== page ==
It was a curious year. Difficult. I formed a fascination with watching how my classmates behaved. I experienced consciously what most don’t – the gradual creeping of social standards into a person’s everyday life. I had a late introduction to what Westerners believe to be the ‘real world’; I have a more objective view of life because of it.
Emily Mudge – 1990’s – 2001
Context: Honiara, this particular memory from 2001.
Emily Mudge was my ‘best friend’. It wasn’t always that way – we were simply friends until after one furlough when returned from Australia and we suddenly clicked. We had the convenience of both living ‘in town’ (Honiara) and so didn’t have large gaps of non-communication because of being out in separate villages. She was American, fairly quiet and a year or so younger than me.
We would have sleepovers, mostly at her house so I could escape my sisters. We’d play Othello, watch movies, make things out of craft junk, and cram into her mini double bed. Her mum made the best pizza, and crepes to die for. We’d look at ‘hair’ books, have secret codes/languages (when we were younger) and had an unspoken agreement to never delve too deeply into what the other was going through, boy conversation was off limits.
2001. I was 15 she was 13. There was a fair bit of petty theft and unrest around Honiara. I was at her place after staying over, just about ready to go home. There was distant yelling and gunshots (the shots I didn’t hear), her mum came in and said that we couldn’t leave just yet as there was something going on up the road.
It was the middle of the day. A car had been torched, an expat’s car. I think he’d been shot/beaten. Aunt Carolyn sat with us and prayed for the situation. I found it a little strange. I think it bought us closer together. They got a police escort for the drive back to my place; the car on the side of the road was blackened and gutted.
In many ways I think I took Emily’s friendship a little for granted. I got distracted by other friends near the end of our time in the Solomons. I wish I had spent more time with her. We emailed a little bit. I haven’t heard from her in long time. She was possibly the only friend I’ve ever had nearly exclusively to myself up until this year. Having a twin complicates friendships and you always manage to end up sharing them.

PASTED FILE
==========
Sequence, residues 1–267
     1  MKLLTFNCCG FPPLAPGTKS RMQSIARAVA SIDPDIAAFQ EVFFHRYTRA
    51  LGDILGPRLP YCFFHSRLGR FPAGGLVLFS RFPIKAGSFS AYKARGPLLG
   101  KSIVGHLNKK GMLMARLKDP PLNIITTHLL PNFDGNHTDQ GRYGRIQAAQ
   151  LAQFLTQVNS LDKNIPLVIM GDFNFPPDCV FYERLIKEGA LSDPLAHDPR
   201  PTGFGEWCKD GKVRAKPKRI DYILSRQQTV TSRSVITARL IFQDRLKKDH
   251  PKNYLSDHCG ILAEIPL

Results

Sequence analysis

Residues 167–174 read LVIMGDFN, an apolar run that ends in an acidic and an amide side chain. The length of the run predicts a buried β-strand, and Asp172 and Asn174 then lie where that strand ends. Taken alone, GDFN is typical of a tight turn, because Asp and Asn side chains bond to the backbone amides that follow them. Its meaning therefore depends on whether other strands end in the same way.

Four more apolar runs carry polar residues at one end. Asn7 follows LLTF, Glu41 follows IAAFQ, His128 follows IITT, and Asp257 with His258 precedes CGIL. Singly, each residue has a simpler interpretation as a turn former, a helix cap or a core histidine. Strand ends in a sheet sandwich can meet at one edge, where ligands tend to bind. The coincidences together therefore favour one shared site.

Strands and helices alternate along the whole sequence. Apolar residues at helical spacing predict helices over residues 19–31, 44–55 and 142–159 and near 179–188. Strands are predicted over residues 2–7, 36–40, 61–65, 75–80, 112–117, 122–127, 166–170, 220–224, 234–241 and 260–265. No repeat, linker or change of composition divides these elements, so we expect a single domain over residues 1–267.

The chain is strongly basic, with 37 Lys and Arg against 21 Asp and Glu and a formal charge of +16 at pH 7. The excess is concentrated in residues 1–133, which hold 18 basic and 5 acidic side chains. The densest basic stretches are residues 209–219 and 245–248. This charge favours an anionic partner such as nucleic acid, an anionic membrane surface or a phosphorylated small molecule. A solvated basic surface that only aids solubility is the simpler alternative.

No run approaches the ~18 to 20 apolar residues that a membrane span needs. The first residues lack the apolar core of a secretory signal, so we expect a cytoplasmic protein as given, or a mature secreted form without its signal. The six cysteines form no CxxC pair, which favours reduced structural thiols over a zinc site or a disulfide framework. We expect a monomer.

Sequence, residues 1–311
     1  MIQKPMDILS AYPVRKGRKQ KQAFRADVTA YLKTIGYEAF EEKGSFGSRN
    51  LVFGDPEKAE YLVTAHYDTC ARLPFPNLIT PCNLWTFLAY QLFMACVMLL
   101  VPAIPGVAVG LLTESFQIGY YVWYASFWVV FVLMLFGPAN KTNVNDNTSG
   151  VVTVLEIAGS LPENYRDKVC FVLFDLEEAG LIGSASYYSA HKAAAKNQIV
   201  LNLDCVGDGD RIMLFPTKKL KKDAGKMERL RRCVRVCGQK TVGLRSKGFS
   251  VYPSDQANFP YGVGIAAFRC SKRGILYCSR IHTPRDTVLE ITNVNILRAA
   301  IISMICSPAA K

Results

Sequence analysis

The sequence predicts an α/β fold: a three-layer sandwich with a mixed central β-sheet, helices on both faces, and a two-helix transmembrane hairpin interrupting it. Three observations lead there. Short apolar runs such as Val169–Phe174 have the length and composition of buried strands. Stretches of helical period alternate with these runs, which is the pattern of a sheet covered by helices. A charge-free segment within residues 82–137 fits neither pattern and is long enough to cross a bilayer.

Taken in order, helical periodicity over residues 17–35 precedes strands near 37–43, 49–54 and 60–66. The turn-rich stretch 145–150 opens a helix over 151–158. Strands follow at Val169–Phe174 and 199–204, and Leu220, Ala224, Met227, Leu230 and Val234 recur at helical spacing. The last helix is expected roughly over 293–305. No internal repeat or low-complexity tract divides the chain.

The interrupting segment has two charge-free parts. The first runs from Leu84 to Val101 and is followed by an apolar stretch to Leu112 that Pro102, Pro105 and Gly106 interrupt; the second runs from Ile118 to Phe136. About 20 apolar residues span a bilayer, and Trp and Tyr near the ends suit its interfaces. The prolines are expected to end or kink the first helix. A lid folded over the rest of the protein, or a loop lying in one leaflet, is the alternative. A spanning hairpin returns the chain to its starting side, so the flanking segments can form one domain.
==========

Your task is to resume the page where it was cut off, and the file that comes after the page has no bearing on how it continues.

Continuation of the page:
We did not cement our friendship in a deep understanding of each other. We were close but held the other at arms length. This is a mistake and a pattern I find myself repeating with many friends. The result being we did not keep up. I would find myself in a confusing position to meet up with her again as I have changed greatly as I’m sure she has. There would be a vastly different element in how I would approach things.
Friendship. A constant moving from one place to another has warped my ability in this department. I sit once removed from most people. Emily was not the factor in this, but in many ways she typifies the closeness I reach before things become uncomfortable. I have changed, I have poured a lot of effort into creating closer friendships but I still hesitate. I would like to turn back the clock and redo aspects of who I was back then, but I can’t. The best I can hope for is to one day find her again and talk about what was, why it was. I am not ready for that yet.
Leaving the Solomons – Christmas Day 2001
Leaving the Solomons – a very crucial time that has backed the past three and a half years and will probably cast shadow like fingers into my future. We left the Solomon Islands for good on Christmas Day 2001. I was 15. Although having a fair amount of warning – a year’s definite knowledge of an indefinite date, I do not think that I prepared overly well.
2001 was one of the most enjoyable, memorable times I ever had in the Solomons, possibly because I was at a point where memories concrete themselves. I think that relationships with friends and ‘family’ were deepened. I spent the entire year in this incomparable community where we would get up at 6:00 each morning to play basketball or volleyball – enjoy each other’s company, return to our homes for school, and as soon as we could were back doing anything and everything together. We spent our afternoons on a mud/stick/junk town called Cliffside – it continued the entire year, it was a chance to be creative, hang out, and compete. Hours and hours were devoted to cards. We hung out for Friday ‘games nights’, we cooked together, had movie nights, went to beach and the Honiara Hotel pool for the cost of a coke, dinners, sleepovers, campfires, joined in with the local youth group, played kick the can…